The 4 Biggest Pains of Manual Mileage Reporting

Manual Mileage Reporting: A Thing of the Past

In today’s interconnected world, we are surrounded by technology that is constantly updating to meet our needs. Now more than ever, there are mobile applications that make our lives infinitely easier. For example, why wait for a taxi when you can simply request a personal vehicle at a reasonable fare? Why worry about paying friends back when you can immediately send payments via phone? The same goes for mobile employees, why waste time and risk accuracy with manual mileage reporting?

The days of hand-written mileage logs are a thing of the past as we move forward to more efficient, time saving automated mileage capture. While transitioning from a manual mileage log to an automated process may seem a bit intimidating at first, it is ultimately the best decision for any business operating with a mobile workforce. Let’s consider the big picture, and the reasons manual mileage reporting really should be a thing of the past for all mobile workers:

1. It’s extremely time consuming

There never seems to be enough hours in the day as is, but then add the manual process of writing down each stop driven, the associated mileage, and the business purpose.  This requires an immense amount of time for both drivers who need to dedicate time in their day to writing down stops and for the managers who review the daily logs. Maintaining and reporting day-to-day stops can be frustrating and tedious. Whether it takes away time for business or time for pleasure, it is time which can be used for much more productive activities.

2. Gaps in IRS compliance

Consider the four IRS requirements: date, mileage, purpose, and the destination must be logged for each stop. Noting only odometer readings as opposed to the IRS-required information is considered non-compliant, and most drivers are not aware of this. The IRS has taken note of the frequent inaccuracies in manual logs and have been monitoring mileage deductions for potential audits.

3. Remembering to log stops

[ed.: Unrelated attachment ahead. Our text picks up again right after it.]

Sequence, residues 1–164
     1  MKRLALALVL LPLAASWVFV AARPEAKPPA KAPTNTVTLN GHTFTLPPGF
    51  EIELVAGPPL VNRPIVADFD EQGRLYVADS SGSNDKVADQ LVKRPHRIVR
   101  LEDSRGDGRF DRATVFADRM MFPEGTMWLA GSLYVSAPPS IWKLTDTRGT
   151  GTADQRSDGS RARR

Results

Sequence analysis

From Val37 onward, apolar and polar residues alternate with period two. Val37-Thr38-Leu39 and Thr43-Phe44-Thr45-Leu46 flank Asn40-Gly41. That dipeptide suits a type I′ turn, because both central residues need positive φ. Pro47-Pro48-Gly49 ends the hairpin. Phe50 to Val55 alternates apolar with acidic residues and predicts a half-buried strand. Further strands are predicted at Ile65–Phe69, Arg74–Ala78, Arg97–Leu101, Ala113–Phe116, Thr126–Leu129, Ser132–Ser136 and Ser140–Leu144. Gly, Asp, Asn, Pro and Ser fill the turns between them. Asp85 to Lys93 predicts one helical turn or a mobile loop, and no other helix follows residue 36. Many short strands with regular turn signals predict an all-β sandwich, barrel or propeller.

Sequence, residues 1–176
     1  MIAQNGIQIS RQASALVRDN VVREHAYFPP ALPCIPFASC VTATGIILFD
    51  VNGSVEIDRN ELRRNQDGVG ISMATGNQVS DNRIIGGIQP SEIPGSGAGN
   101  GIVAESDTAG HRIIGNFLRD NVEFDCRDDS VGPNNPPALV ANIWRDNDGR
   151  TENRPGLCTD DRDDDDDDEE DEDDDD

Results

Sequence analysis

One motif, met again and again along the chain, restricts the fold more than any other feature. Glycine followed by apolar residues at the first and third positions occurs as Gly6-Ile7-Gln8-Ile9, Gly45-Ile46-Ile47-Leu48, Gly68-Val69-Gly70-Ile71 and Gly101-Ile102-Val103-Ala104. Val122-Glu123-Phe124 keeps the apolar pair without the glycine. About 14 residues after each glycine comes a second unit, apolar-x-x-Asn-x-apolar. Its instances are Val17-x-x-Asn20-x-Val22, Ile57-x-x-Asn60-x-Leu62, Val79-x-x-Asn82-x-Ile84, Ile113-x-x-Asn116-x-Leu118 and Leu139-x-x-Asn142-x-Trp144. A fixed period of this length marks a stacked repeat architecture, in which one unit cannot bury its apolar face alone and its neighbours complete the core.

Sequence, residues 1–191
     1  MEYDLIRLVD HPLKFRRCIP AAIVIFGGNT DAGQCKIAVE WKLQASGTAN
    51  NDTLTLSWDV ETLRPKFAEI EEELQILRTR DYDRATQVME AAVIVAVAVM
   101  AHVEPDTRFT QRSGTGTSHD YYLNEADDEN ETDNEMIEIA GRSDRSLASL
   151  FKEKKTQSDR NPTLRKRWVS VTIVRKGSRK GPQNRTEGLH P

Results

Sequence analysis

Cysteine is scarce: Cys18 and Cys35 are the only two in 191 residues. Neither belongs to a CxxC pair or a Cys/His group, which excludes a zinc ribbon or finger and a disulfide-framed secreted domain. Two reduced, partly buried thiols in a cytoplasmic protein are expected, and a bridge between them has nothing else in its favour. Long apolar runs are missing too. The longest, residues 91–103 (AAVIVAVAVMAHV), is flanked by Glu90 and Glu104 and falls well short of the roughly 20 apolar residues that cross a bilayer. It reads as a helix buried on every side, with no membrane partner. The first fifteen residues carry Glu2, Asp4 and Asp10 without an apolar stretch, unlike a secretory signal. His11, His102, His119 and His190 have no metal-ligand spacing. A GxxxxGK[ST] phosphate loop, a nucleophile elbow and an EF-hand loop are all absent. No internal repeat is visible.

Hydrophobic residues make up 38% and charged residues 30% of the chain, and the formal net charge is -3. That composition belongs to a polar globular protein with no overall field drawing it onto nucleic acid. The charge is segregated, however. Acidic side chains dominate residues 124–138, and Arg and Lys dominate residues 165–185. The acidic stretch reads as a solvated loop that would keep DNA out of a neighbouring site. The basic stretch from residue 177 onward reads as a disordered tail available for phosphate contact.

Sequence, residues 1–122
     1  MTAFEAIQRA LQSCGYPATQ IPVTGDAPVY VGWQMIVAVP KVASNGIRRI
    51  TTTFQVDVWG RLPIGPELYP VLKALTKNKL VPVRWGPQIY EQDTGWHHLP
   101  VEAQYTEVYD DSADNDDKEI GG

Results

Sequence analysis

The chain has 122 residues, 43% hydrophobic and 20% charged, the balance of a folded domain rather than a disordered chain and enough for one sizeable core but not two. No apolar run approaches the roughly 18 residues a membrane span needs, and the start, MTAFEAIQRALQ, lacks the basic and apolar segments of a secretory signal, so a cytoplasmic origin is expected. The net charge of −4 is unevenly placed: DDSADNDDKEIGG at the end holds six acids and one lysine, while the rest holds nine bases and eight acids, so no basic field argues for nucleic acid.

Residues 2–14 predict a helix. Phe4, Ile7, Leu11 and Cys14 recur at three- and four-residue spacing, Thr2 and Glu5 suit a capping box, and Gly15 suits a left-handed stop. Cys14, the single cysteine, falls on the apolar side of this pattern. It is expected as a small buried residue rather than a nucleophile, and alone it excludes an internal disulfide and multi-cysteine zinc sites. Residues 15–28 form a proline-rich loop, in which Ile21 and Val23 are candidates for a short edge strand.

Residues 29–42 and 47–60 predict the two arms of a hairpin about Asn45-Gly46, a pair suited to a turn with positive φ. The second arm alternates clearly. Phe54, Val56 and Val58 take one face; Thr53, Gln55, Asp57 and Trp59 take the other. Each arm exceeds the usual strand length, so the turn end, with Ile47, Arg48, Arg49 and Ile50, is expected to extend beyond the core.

Unfortunately, drivers often report their mileage at the end of the week as opposed to each day, making it very easy for a stop to be forgotten along the way. Manual mileage logs cannot be considered 100% accurate and an immense amount of pressure falls on your drivers. Automated logs alleviate the strain of having to remember to document each stop with a pen and paper, as well as inputting the IRS-required detail fields.

4. There are inaccuracies

From commute deductions, to correct dates, to mileage driven, to personal stops made along the way, there are many inaccuracies to consider when using manual mileage reporting. Most mobile workers are unaware that their first stop from their home should be considered commute mileage, which results in inaccurate mileage reporting as well as over reimbursement from the employer.

Automated Mileage Capture: Technology for Today

Reviewing the biggest pains associated with manual mileage reporting makes it clear that this outdated method is not suitable for today’s mobile workforce. To avoid wasting you and your employees time, potentially failing compliance audits, and reimbursing based off inaccurate reports, use technology to your advantage. Today’s mobile worker needs an automated mileage tracking solution to help them do their jobs more efficiently. Your business needs a more accurate way of tracking their mileage, so that you’re reimbursing exactly what they deserve.

Learn More About Mileage Tracking

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